I may say, for instance, “the sun.” The word has a meaning, and suggests that meaning to the mind of any one who is listening to me. But suppose I ask him, Whether it is true: whether he believes it? He can give no answer. There is as yet nothing to believe, or to disbelieve. Now, however, let me make, of all possible assertions respecting the sun, the one which involves the least of reference to any object besides itself; let me say, “the sun exists.” Here, at once, is something which a person can say he believes. But here, instead of only one, we find two distinct objects of conception: the sun is one object; existence is another. Let it not be said that this second conception, existence, is involved in the first; for the sun may be conceived as no longer existing. “The sun” does not convey all the meaning that is conveyed by “the sun exists:” “my father” does not include all the meaning of “my father exists,” for he may be dead; “a round square” does not include the meaning of “a round square exists,” for it does not and can not exist. When I say “the sun,” “my father,” or a “round square,” I do not call upon the hearer for any belief or disbelief, nor can either the one or the other be afforded me; but if I say, “the sun exists,” “my father exists,” or “a round square exists,” I call for belief; and should, in the first of the three instances, meet with it; in the second, with belief or disbelief, as the case might be; in the third, with disbelief.
§ 3. This first step in the analysis of the object of belief, which, though so obvious, will be found to be not unimportant, is the only one which we shall find it practicable to make without a preliminary survey of language. If we attempt to proceed further in the same path, that is, to analyze any further the import of Propositions; we find forced upon us, as a subject of previous consideration, the import of Names. For every proposition consists of two names; and every proposition affirms or denies one of these names, of the other. Now what we do, what passes in our mind, when we affirm or deny two names of one another, must depend on what they are names of; since it is with reference to that, and not to the mere names themselves, that we make the affirmation or denial. Here, therefore, we find a new reason why the signification of names, and the relation generally between names and the things signified by them, must occupy the preliminary stage of the inquiry we are engaged in.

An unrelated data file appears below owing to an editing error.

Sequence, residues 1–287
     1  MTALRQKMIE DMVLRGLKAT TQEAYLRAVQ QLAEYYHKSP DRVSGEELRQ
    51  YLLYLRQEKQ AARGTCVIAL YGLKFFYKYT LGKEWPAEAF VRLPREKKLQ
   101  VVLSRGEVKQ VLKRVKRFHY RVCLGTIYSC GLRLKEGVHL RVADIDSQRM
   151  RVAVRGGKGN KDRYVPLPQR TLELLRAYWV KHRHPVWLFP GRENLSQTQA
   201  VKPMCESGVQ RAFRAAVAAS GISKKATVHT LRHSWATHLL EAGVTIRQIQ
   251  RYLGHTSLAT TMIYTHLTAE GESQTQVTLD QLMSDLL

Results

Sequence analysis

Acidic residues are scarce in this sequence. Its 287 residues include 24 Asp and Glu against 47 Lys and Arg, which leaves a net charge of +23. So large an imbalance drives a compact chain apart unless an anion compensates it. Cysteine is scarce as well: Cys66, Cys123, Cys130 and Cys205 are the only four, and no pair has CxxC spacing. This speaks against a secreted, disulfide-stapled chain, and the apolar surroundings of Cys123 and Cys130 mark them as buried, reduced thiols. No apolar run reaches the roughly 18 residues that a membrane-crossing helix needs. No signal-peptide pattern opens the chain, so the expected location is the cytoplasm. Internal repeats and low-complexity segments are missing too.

It may be objected that the meaning of names can guide us at most only to the opinions, possibly the foolish and groundless opinions, which mankind have formed concerning things, and that as the object of philosophy is truth, not opinion, the philosopher should dismiss words and look into things themselves, to ascertain what questions can be asked and answered in regard to them. This advice (which no one has it in his power to follow) is in reality an exhortation to discard the whole fruits of the labors of his predecessors, and conduct himself as if he were the first person who had ever turned an inquiring eye upon nature. What does any one’s personal knowledge of Things amount to, after subtracting all which he has acquired by means of the words of other people? Even after he has learned as much as people usually do learn from others, will the notions of things contained in his individual mind afford as sufficient a basis for a catalogue raisonné as the notions which are in the minds of all mankind?